Cyrus, the messianic leader of the largest gang in New York, declares a truce and calls a summit with all the major gangs in attendance. During the meeting, he expresses his wish to unify all the gangs into one large super-gang. During the summit, Cyrus is assassinated and the murder is pinned on a member of a gang known as the Warriors. Now, all the other gangs are hunting the Warriors down before they can prove their innocence. —IMDb
Walter Hill (born January 10, 1940) is an American film director, screenwriter, and producer. Hill is known for male-dominated action films and revival of the Western.
Hill was born in Long Beach, California. Growing up in southern California, Hill was asthmatic as a child and, as a result, missed several years of school. He spent much of his time daydreaming, reading comic books, and listening to radio serials. Hill said his father and grandfather were “smart, physical men who worked with their heads and their hands” and had “great mechanical ability.” His paternal grandfather was a wildcat oil driller. Hill worked in the oil fields as a roustabout on Signal Hill near Los Angeles during summers of the latter part of his high school years and several more years while in college. During one summer, he ran an asbestos pipe-cutting machine and worked as a spray painter. After a stint at Mexico City College, he later majored in history at Michigan State University.
Hill began… read more
A gem from the seventies, one of those classics you can watch tirelessly. Loved the imminent danger coming from the empty streets at night, when footsteps, trains and sirens were the only sound you could hear. It has the same charming atmosphere of Scorsese's After Hours, which is nice for a low-budget movie. And damn, James Remar was unbearably attractive in those days (in fact, he still is). Can you dig it?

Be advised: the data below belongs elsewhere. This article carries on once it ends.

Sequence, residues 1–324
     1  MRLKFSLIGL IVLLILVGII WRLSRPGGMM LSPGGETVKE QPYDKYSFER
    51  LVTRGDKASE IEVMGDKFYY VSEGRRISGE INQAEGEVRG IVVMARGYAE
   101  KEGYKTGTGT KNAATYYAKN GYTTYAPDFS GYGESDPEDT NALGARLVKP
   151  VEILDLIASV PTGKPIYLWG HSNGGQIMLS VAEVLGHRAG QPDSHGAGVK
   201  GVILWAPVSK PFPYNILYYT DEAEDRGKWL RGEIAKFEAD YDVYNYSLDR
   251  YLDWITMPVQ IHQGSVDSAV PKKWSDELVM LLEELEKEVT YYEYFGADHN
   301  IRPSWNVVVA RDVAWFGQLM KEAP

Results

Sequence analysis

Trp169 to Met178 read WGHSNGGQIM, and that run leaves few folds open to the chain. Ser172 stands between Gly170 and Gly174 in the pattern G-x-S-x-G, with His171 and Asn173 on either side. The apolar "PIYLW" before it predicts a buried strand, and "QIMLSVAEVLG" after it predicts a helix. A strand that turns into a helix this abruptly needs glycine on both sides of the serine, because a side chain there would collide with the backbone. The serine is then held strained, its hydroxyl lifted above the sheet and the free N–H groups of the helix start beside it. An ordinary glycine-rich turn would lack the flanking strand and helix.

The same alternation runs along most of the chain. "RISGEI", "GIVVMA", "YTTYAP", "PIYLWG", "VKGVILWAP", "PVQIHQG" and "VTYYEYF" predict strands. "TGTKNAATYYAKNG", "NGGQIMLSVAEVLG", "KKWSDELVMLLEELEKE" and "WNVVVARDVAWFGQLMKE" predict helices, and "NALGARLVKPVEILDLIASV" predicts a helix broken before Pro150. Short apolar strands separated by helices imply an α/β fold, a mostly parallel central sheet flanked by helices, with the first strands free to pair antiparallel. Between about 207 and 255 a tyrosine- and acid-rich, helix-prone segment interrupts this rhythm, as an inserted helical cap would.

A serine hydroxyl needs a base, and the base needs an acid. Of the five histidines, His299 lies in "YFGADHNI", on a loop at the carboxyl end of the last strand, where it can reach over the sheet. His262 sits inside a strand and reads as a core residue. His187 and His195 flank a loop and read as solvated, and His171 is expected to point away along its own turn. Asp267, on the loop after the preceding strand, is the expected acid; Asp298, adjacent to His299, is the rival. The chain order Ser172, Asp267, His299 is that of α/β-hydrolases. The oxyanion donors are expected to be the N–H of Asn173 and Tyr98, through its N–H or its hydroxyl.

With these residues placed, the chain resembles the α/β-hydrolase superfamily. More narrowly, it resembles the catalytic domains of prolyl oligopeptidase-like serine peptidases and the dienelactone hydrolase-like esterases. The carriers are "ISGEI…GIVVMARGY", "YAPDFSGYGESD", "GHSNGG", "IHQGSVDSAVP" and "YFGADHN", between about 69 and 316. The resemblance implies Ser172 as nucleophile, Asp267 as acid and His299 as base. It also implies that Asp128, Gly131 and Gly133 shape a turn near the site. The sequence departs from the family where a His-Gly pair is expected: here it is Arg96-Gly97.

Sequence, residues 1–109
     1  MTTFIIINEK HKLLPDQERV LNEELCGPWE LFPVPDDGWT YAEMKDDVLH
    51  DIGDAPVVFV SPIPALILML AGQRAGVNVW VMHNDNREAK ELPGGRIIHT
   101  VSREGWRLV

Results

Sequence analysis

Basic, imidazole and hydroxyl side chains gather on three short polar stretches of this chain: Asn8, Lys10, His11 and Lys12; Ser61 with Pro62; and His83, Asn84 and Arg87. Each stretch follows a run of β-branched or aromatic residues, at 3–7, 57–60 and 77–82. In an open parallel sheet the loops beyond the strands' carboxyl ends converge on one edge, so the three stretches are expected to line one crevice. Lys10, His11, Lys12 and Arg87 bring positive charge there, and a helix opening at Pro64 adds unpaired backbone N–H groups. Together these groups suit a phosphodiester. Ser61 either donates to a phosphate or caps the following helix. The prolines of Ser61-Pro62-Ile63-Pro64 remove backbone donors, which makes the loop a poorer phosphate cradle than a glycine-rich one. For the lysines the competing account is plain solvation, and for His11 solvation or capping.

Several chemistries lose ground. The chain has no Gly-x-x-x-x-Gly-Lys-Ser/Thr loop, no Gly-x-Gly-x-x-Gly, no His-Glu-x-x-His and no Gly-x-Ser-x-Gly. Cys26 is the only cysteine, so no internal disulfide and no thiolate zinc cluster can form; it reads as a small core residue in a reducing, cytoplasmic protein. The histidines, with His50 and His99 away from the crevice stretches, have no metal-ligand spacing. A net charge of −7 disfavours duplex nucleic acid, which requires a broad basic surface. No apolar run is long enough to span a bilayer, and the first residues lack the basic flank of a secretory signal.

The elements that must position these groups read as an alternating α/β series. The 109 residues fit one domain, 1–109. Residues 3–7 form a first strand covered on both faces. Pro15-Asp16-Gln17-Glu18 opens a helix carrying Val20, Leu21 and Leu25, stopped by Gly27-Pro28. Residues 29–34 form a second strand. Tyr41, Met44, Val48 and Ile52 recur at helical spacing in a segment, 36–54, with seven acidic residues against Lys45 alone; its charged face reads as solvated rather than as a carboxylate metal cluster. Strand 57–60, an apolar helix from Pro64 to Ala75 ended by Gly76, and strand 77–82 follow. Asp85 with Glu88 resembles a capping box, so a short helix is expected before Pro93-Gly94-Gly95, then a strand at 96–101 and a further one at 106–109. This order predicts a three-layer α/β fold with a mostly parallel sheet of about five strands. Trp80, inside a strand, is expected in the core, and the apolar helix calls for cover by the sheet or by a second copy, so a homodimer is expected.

What surprised me most about this film is the quality of the image. It looks fucking amazing for low budget flick!
Pure 1970s awesomeness. So much testosterone that even the chicks have balls. Side note: James Remar was an awkward lookin' dude back in the day.
I'll admit I'm a sucker for the faded, cryptic beauty of Coney Island and its surrounding areas, and "The Warriors" showcases their beauty fleetingly but powerfully. Personal sentimentality aside though, it's a terrific film; a glistening and grimy trip through a psychedelic, sweaty urban hell in the company of ordinary men as larger-than-life heroes. Imitated as much spiritually as it is aesthetically.
While Hill’s The Warriors and The Driver screen in New York, Cooper’s other Silver Bear winner is out on Blu-ray.